I suppose right now you are sitting there with a little grin on your face, thinking this subject is kind of funny but not really believing I'm writing about it. Well, you get the idea so I'll continue to something else.
    Do you want to do something? How about stating your plans for R&R. I would like to know what your plans are to include: who is coming to Hawaii, what kind of accommodations do we want, whether you want any money etc. When I find these things out I can send you a list of hotels and other places which might be appealing. You know, you will have to be there at least a day before me so that you can find a place to stay for us. I could possibly make reservations from here but I think it would be easier for you. In the future I'll give you more details so don't think you have to do it all.
    How do you like the picture. This is my hooch in Cam Ranh. Notice the picture of that high school girl I have on the wall. This picture was taken before i got your other picture. Believe me, it's just as small as it looks. My bed is on the right side. Actually in Cam Ranh at least I had a bed. Here in Tuy Hoa all they have are army canvas cots. Well, I can't really say much more about the picture.
    Say, I'm listening to AFVN Radio and I just heard a song. Since I was trying to think of something more than I love you its very appropriate. "My love is higher than the highest mountain deeper than the deepest sea. My love is warmer than the warmest sunshine stronger than the strongest steel- or something like that I forgot. Any way, you get the message don't you? In case you don't turn to the next page.

(Included a Valentine drawing with the message below saying: "This is a genuine home made valentine. )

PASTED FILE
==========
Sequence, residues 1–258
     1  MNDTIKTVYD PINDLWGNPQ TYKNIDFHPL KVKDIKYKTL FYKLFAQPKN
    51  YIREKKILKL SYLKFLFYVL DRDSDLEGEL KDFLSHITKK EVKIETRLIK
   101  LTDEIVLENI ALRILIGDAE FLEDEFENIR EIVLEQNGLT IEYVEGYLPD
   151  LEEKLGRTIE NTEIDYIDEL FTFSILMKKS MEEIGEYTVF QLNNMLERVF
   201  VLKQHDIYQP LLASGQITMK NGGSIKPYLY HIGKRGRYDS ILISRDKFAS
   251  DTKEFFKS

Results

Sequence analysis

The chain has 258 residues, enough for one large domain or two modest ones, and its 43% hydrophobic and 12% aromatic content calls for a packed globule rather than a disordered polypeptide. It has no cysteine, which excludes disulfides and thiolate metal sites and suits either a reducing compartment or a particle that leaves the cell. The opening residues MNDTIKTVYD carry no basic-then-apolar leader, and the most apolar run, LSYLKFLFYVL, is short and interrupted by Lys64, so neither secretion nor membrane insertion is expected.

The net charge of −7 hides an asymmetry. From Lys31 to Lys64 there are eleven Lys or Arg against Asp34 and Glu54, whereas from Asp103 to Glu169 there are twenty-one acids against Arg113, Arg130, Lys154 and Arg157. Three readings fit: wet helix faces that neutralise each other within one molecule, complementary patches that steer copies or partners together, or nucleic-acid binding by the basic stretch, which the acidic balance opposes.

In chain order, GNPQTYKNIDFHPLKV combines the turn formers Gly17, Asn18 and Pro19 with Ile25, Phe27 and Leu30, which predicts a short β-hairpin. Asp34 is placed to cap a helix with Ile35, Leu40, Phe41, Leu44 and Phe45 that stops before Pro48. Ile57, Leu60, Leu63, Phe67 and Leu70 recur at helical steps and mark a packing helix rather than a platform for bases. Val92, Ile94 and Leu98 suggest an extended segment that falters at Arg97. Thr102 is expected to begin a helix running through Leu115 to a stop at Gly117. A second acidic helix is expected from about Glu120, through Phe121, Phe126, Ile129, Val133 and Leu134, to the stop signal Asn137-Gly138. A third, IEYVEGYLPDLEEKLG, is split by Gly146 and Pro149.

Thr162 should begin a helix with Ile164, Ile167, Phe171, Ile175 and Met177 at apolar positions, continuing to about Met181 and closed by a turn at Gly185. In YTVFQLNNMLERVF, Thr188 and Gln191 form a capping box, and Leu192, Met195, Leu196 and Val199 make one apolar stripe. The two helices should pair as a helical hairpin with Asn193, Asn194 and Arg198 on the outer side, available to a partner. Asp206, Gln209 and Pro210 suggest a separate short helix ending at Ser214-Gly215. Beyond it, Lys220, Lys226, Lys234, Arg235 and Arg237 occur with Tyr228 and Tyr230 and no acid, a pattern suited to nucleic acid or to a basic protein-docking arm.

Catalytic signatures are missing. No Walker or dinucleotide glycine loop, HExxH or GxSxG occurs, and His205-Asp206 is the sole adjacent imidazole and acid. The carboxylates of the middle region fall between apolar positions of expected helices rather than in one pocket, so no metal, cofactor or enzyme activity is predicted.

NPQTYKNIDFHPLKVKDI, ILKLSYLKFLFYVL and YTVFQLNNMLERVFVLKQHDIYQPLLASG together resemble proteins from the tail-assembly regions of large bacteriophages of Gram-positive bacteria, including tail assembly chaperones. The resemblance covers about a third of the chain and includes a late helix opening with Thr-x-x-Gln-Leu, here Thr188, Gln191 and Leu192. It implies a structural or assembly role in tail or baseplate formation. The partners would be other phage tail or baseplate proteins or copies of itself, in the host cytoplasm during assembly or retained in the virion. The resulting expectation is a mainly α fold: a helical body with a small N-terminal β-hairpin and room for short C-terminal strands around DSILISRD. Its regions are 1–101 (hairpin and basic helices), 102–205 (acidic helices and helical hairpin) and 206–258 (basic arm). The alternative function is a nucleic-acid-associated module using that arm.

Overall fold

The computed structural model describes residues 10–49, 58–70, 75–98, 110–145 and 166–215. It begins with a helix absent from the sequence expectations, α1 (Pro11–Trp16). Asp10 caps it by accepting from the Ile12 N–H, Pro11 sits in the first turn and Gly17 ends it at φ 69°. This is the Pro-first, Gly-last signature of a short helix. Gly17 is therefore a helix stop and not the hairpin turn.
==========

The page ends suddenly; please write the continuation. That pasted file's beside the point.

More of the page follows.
Vietnam War Letter, Cam Ranh to Tuy Hoa, Combat pay, Jan. 30, 1968

    
Thanks for your vow to send two letters a day. I really don't think it is necessary. Although I would like it more if you sent five letters a day. I know that didn't make any sense. I've got a lot on my mind tonight. 
   We are presently on alert. I have my loaded rifle hanging on the wall just above your picture. I want to keep both of them in view at all times. Charlie has been extremely active today. Don't worry we'll take care of him. 
   Now for the news. I am leaving Cam Ranh. Your future husband is going out to earn his $65.00 combat pay. 1 Feb. we leave in a convoy for a 150 mile trip to Tuy Hoa. This is the place I was originally assigned. The only change of address will be the APO number. Change it to 96316. Leave everything else the same. 
   By the time you recieve this letter I'll be comfortably settled in my new home. I'm going to cut this off here. I hope you mind, I've got to go. 
   By the way, don't expect any letters for about five days. I'll get one off as soon as possible. I love you, and cherish your love.

All my love,
  
(Note: thought anybody who was in the Cam Ranh area might enjoy seeing the video below.)


 This photo shows President President Lyndon B. Johnson, and General William Westmoreland surrounded by troops at Cam Ranh Bay, Vietnam, 12/23/1967. 
Photo Courtesy of the National Archives. 
Part of Series: Johnson White House Photographs, compiled 11/22/1963 - 01/20/1969
NAIL Control Number: NLJ-WHPO-A-VN033
Other Identifier: C8051-24